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01.12.2018 | Research article | Ausgabe 1/2018 Open Access

BMC Cardiovascular Disorders 1/2018

Homocysteine is a bystander for ST-segment elevation myocardial infarction: a case-control study

Zeitschrift:
BMC Cardiovascular Disorders > Ausgabe 1/2018
Autoren:
Ching-Yu Julius Chen, Tzu-Ching Yang, Christopher Chang, Shao-Chun Lu, Po-Yuan Chang

Abstract

Background

Homocysteine has been long considered a risk factor for atherosclerosis. However, cardiovascular events cannot be reduced through homocysteine lowering by B vitamin supplements. Although several association studies have reported an elevation of serum homocysteine levels in cardiovascular diseases, the relationship of homocysteine with ST-segment elevation myocardial infarction (STEMI) is not well established.

Methods

We prospectively enrolled STEMI patients who were consecutively admitted to an intensive care unit following coronary intervention in a single medical center in Taiwan. Control subjects were individuals who presented to the outpatient or emergency department with acute chest pain but subsequently revealed patent coronary arteries by coronary arteriography. The association between serum homocysteine levels and STEMI was investigated. A culture system using human coronary artery endothelial cells was also established to examine the toxic effects of homocysteine at the cellular level.

Results

Patients with chest pain were divided into two groups. The STEMI group included 56 patients who underwent a primary percutaneous coronary intervention. The control group included 17 subjects with patent coronary arteries. There was no difference in serum homocysteine levels (8.4 ± 2.2 vs. 7.6 ± 1.9 μmol/L, p = 0.142). When stratifying STEMI patients by the Killip classification into higher (Killip III-IV) and lower (Killip I-II) grades, CRP (3.3 ± 4.1 vs. 1.4 ± 2.3 mg/L, p = 0.032), peak creatine kinase (3796 ± 2163 vs. 2305 ± 1822 IU/L, p = 0.023), and SYNTAX scores (20.4 ± 11.1 vs. 14.8 ± 7.6, p = 0.033) were significantly higher in the higher grades, while serum homocysteine levels were similar. Homocysteine was not correlated with WBCs, CRP, or the SYNTAX score in STEMI patients. In a culture system, homocysteine at even a supraphysiological level of 100 μmol/L did not reduce the cell viability of human coronary artery endothelial cells.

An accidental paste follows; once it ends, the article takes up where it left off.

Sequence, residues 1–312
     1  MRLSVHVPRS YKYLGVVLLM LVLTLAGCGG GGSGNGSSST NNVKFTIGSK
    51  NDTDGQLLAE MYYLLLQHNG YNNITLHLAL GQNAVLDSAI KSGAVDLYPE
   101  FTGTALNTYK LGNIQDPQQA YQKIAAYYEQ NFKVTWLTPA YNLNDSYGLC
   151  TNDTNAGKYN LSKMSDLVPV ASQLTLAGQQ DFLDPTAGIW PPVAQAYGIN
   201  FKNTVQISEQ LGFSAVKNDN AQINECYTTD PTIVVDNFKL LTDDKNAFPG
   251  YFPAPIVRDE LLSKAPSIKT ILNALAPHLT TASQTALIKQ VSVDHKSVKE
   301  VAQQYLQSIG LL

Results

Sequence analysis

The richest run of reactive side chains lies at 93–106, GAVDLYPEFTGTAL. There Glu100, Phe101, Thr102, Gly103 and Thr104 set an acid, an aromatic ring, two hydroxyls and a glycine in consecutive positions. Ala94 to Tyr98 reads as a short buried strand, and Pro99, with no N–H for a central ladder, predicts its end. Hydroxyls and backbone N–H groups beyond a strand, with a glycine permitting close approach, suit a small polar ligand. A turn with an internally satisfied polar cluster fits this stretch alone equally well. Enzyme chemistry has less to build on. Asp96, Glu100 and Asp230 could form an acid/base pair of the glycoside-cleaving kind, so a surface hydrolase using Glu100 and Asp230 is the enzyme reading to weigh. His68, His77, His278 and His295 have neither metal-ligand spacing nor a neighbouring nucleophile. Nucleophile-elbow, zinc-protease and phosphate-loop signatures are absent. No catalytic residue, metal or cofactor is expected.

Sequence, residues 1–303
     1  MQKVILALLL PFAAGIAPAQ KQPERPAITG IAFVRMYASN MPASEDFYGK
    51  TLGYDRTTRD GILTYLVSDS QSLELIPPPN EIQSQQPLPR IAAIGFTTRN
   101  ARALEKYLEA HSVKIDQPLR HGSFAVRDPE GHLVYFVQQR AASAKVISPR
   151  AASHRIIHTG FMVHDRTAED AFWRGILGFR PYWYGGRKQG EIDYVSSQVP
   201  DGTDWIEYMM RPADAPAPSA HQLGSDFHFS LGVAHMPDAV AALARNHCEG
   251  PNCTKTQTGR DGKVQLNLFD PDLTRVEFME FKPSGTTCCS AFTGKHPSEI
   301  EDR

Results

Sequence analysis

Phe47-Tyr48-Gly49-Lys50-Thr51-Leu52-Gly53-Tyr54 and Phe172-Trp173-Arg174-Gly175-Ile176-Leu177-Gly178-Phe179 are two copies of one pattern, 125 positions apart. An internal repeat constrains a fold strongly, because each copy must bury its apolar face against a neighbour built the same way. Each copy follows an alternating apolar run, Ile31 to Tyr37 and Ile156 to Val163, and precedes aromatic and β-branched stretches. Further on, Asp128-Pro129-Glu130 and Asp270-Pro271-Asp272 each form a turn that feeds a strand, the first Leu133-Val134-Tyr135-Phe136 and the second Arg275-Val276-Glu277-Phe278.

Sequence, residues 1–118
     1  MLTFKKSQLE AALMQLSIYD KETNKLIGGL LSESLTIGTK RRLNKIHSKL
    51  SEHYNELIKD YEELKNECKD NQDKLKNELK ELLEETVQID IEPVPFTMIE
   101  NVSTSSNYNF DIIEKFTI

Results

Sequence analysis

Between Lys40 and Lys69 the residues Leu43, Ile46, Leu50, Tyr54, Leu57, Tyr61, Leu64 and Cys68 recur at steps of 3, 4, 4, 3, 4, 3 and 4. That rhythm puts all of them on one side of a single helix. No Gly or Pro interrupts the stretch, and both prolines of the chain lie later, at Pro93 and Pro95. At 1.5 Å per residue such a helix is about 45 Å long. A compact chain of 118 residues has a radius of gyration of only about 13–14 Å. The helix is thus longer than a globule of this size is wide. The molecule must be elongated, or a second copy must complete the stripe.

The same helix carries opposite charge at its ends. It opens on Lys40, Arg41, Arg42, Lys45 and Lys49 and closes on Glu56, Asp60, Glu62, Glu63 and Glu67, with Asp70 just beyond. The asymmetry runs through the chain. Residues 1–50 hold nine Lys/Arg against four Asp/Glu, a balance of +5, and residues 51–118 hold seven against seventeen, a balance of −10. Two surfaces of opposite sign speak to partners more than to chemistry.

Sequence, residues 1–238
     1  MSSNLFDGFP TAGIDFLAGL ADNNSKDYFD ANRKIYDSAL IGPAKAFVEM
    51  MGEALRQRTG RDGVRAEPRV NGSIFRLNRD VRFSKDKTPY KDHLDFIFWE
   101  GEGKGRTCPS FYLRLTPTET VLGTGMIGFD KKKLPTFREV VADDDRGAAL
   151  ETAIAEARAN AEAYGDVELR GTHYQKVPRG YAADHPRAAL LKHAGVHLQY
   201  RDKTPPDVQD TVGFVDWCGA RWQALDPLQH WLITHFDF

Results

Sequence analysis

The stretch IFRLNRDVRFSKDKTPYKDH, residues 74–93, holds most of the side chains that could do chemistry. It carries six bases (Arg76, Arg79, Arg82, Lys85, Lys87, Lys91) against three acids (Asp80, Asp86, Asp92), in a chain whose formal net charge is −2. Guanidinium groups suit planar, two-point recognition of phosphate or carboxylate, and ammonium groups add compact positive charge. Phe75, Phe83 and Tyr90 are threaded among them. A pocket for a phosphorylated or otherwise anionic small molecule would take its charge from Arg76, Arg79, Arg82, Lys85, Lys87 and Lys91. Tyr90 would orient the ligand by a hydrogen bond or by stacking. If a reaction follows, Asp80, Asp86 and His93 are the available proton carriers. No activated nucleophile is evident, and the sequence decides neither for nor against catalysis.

Conclusions

Homocysteine was not elevated in STEMI patients regardless of Killip severity, suggesting that homocysteine is a bystander instead of a causative factor of STEMI. Our study therefore supports the current notion that homocysteine-lowering strategies are not essential in preventing cardiovascular disease.
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